Misadventures in HPC Cloud Migration #10

Cloud Optimized Orchestration

Misadventures in HPC Cloud Migration #10

You’re probably fed up with me drip feeding you, so let’s get down to brass tacks. How do we (HMx Labs) deal with the whole “bring your own scheduler and add a cloud orchestration mechanism” scenario.

As alluded to in the previous post, the key question to answer for any cloud orchestration component is which VM type to start (and stop). Part of this is naturally determined by the constraints of your HPC code. CPU/GPU platform, memory per core, minimum performance, SLA & timelines and so on. The remainder of the answer comes from something we discussed in part #7, understanding your costs. 

Within the above constraints, it is the job of the orchestration mechanism to pick the most cost effective VM (or VMs, there may not be enough of the first choice available). You could, I suppose, make this the responsibility of the orchestrator. But I’m old school. I follow the *nix philosophy of having each tool do one thing but do it very well. Feel free to berate (or congratulate) me in the comments.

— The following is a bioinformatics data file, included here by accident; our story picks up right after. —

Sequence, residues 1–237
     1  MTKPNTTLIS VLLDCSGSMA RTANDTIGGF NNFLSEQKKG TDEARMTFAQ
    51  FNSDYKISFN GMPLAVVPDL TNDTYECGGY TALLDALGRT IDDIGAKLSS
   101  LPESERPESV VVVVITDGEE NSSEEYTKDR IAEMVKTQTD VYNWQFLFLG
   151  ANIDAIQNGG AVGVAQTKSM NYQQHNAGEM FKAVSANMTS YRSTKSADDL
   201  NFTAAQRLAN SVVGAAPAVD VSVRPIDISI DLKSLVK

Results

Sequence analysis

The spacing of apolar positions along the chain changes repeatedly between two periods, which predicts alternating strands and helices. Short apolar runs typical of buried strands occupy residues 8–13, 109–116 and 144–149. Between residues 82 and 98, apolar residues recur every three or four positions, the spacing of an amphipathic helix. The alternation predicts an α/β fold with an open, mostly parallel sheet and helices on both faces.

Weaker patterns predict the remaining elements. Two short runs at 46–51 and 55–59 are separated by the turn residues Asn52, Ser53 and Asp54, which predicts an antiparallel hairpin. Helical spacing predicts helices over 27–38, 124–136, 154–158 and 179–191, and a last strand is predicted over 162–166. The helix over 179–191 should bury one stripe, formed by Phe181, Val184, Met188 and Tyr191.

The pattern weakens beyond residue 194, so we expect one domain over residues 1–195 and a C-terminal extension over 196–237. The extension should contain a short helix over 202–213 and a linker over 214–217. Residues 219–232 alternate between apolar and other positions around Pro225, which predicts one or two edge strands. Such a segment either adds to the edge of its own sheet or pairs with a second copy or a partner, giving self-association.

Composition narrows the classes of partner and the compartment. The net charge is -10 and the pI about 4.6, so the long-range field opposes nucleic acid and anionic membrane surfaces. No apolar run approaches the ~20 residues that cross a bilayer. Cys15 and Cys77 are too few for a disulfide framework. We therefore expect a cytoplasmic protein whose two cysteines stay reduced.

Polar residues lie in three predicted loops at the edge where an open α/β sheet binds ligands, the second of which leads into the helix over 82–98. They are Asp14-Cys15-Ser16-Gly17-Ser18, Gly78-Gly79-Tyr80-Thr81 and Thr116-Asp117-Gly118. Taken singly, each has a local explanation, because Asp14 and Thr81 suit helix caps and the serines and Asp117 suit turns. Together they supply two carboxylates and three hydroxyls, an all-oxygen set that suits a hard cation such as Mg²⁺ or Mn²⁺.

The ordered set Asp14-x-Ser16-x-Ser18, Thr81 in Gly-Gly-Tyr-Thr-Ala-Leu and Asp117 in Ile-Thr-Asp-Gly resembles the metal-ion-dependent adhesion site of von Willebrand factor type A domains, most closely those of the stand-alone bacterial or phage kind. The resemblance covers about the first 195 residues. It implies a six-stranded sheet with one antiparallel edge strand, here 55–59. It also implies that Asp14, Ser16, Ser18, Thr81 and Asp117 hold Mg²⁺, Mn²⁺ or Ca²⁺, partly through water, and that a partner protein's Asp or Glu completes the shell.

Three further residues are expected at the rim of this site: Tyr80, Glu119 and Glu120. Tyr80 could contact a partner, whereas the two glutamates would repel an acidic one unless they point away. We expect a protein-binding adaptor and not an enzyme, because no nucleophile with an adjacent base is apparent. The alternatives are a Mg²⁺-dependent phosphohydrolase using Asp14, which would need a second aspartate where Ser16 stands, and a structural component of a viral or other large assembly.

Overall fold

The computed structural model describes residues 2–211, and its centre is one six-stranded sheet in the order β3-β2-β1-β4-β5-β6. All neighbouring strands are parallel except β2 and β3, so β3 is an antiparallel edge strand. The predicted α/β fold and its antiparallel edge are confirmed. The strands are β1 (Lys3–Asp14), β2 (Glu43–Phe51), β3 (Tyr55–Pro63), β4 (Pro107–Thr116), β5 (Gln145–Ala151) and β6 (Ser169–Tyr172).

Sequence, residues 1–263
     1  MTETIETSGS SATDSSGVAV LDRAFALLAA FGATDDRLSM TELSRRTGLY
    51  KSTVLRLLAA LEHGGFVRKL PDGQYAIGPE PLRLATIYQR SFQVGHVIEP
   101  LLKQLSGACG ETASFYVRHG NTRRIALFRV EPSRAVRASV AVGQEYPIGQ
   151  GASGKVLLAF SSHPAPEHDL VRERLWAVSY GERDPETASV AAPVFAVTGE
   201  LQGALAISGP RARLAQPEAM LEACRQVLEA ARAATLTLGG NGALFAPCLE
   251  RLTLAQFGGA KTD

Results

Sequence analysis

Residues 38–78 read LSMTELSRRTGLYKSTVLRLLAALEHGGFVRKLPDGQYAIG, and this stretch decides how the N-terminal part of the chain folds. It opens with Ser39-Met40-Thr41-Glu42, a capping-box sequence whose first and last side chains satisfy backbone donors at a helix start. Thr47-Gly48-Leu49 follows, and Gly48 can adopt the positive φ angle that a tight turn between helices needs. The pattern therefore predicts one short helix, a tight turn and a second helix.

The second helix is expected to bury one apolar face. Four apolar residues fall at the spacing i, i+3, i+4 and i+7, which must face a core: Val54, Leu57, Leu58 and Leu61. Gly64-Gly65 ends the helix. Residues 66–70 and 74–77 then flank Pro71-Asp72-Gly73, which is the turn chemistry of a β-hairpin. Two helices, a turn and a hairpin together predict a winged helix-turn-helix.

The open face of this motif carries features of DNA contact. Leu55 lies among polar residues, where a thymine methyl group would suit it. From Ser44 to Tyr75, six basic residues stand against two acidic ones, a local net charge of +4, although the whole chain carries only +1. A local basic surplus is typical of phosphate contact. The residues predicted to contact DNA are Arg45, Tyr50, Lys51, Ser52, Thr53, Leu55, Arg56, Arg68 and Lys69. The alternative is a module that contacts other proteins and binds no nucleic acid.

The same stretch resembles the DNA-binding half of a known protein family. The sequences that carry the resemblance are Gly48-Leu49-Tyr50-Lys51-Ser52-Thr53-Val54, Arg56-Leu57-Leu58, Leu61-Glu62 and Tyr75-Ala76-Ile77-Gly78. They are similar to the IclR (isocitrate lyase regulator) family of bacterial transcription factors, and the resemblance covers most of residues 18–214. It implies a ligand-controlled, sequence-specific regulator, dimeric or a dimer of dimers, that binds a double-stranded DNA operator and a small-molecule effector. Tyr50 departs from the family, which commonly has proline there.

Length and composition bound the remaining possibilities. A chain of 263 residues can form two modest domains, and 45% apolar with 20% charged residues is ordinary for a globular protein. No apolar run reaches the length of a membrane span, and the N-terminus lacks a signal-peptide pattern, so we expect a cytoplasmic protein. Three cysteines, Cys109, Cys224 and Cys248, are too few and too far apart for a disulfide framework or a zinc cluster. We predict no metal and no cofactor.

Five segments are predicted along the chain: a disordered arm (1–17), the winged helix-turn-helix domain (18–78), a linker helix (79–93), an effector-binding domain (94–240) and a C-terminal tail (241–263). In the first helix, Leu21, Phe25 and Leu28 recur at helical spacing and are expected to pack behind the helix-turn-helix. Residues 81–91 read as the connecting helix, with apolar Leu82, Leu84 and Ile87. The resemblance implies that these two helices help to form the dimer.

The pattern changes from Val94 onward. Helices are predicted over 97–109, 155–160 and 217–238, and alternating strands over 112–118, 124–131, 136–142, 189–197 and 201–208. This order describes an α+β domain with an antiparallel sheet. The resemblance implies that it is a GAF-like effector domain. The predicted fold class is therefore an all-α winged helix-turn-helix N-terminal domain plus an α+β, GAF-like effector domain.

This leads us to another component. One who’s whole reason for existence is to determine a performance normalized cost to run your workload on every possible bit of infrastructure you may conceivably choose to run it on. The goal is simple. Achieving it, usually less so. 

From there, the orchestrator’s job becomes less onerous. Start up or stop cores/VMs as dictated by the scheduler or metrics and pick those VMs as defined by the optimizer. Neat huh. The orchestrator just needs to be very good at turning on (and off) lots of VMs quickly. Its told how many and told which ones.

To some, this may seem unnecessarily complicated. It really depends on your use case. If your HPC cloud bills are only four figures, it probably seems like a lot of work. If you’re a typical systemically important bank, this approach could be saving you four or five figures every month in cloud costs. Yea, I thought that might get your attention… 

Now where did we land on spot vs on demand… you know the drill. Answer in the next post. Oh and also hit that subscribe button!